The latest David Attenborough series, Perfect Planet, finished with stark warnings as to how precarious the future looks.

The world is now in the midst of the sixth mass extinction, with 500 species of mammals, birds, amphibians and reptiles on the verge of dying out. Half of all insects are believed to have been lost since 1970 due to the destruction of nature and heavy use of pesticides.

The way human beings live is causing untold damage. The green lungs of the planet, such as the Amazon rain forest, are rapidly being felled. These precious biodiversity resources cannot be restored in the short term once they have gone.

The repercussions for humans are also pretty horrific, with the Covid-19 pandemic an example of what could increasingly happen moving forward, destroying the natural environment around us, so animal life moves closer to humankind.

The Attenbourgh programme did show some signs of hope, where positive developments are contributing to save and develop biodiversity, as well as cut global emissions.

One positive development has been the rewilding movement. This has seen whole areas being returned to more like their natural state.

In places like the Knepp estate in West Sussex, original species like Dartmouth ponies, Tamworth pigs and longhorn cattle have returned and prospered.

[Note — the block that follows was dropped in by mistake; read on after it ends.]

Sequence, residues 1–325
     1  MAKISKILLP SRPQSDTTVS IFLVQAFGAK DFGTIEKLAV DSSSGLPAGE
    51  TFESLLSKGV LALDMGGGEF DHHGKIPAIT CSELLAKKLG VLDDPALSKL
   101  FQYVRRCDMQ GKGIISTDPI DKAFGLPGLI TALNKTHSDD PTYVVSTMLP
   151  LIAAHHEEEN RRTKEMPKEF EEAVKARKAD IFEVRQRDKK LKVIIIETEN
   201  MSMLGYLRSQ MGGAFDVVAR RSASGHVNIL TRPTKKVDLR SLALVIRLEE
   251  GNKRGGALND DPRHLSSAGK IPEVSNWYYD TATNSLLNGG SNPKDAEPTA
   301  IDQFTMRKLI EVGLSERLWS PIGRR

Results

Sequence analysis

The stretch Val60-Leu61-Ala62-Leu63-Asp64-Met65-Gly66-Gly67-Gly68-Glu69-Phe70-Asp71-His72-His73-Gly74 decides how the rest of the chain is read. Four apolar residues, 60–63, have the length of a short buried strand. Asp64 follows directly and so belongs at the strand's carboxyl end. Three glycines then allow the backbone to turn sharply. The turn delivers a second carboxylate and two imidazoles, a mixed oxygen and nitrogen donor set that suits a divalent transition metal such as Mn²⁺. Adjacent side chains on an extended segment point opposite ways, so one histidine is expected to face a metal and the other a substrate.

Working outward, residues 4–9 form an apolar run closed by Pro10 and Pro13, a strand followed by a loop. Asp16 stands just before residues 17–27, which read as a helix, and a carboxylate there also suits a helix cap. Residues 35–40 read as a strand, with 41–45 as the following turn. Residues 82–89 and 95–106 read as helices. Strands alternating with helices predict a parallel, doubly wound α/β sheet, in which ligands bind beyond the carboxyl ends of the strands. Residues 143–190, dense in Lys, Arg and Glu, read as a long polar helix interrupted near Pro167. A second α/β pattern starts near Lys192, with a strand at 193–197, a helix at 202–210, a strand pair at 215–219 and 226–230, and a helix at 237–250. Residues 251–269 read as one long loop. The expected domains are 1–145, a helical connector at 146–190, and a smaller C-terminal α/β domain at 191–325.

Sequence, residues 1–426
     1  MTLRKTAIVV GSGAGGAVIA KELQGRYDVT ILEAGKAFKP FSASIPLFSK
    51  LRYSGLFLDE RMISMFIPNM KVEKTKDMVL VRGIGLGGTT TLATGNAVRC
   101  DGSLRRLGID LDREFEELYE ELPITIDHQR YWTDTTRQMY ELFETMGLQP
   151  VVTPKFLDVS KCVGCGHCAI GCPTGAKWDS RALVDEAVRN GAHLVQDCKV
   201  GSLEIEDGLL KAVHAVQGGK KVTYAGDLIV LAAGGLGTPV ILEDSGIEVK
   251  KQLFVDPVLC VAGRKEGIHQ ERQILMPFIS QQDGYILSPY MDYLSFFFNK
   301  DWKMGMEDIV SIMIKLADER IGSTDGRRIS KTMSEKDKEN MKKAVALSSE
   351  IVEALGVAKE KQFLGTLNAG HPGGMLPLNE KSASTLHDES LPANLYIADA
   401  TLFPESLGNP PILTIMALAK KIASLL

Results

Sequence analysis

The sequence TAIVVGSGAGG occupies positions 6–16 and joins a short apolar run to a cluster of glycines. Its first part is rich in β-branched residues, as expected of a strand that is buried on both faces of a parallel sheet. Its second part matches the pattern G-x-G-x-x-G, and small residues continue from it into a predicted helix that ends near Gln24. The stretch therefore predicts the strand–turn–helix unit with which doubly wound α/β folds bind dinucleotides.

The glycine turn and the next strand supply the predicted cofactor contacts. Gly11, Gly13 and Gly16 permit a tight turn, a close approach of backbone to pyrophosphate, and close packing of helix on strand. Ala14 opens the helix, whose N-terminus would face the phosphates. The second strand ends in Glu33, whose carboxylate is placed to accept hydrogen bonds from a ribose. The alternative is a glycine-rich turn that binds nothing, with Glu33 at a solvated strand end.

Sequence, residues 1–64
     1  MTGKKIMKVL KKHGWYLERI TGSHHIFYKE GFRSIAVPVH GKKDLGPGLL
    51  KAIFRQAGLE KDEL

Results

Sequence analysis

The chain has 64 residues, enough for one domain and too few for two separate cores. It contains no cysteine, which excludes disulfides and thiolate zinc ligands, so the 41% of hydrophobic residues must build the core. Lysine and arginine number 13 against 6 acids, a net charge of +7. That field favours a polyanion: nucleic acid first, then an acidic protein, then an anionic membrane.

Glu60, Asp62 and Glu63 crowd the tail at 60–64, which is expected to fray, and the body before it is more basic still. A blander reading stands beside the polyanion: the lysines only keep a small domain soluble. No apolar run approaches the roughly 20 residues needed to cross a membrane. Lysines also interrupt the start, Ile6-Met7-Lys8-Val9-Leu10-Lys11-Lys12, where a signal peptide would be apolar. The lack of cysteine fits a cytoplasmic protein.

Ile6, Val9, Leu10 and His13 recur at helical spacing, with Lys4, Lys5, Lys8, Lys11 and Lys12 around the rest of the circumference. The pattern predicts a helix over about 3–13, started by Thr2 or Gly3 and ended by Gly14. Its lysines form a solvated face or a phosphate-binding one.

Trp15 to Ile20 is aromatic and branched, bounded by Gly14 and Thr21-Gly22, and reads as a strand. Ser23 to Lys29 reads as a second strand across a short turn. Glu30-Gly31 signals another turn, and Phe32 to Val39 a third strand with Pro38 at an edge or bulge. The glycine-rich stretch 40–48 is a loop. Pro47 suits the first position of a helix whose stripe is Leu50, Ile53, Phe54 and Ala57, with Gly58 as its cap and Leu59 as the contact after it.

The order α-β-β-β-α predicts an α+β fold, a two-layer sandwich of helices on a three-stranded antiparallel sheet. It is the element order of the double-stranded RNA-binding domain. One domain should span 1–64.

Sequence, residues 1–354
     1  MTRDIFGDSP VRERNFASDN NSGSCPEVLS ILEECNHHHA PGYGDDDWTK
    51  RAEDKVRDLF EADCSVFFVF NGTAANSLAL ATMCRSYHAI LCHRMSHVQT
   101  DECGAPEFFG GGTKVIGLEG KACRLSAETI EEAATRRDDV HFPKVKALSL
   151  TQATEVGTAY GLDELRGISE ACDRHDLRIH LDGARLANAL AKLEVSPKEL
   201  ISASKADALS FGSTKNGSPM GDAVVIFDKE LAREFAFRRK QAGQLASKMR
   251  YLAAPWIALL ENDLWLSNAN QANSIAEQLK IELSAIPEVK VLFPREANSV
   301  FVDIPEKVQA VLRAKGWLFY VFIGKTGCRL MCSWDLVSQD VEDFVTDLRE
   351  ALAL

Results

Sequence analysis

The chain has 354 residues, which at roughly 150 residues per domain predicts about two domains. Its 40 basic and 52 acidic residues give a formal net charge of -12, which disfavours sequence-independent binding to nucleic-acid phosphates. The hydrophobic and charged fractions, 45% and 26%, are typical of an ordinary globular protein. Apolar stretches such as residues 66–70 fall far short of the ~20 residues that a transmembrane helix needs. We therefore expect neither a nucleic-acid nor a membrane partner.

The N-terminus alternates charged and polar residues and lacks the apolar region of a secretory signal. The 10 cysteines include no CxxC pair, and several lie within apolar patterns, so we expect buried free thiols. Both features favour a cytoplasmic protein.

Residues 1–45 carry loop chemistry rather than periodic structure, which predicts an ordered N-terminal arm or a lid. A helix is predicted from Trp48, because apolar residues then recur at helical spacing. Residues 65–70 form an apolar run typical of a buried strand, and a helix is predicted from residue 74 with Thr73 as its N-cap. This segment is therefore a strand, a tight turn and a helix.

Locally, Redbridge has been seeking to increase the amount of land given to wilding. The growzone initiative started in Wanstead has been one notable success.

Now, the extinction threat has been picked up with the Endangered in Wanstead campaign, highlighting ten species that are struggling to survive in our area.

The project, organised by Wild Wanstead, the Wren Wildlife and Conservation Group and London Wildlife Trust has singled out the house sparrow, hedgehog, skylark, swift, common toad, pipistrelle bat, smooth newt, tawny mining bee, stag beetle and common blue butterfly as at risk.

The campaign will seek to involve local stakeholders to play a part in preserving and promoting the future existence of these threatened creatures. It is incredible to think how many species that used to be plentiful have diminished. Some 30 or 40 years ago, house sparrows used to be a common sight around Wanstead gardens, now much less so. Then there are the hedgehogs, which are now a rarity.

If we begin to act to help out by creating the sort of environments where these creatures can prosper though, they can come back.

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Paul Donovan is a Redbridge Labour councillor for Wanstead village and blogger. See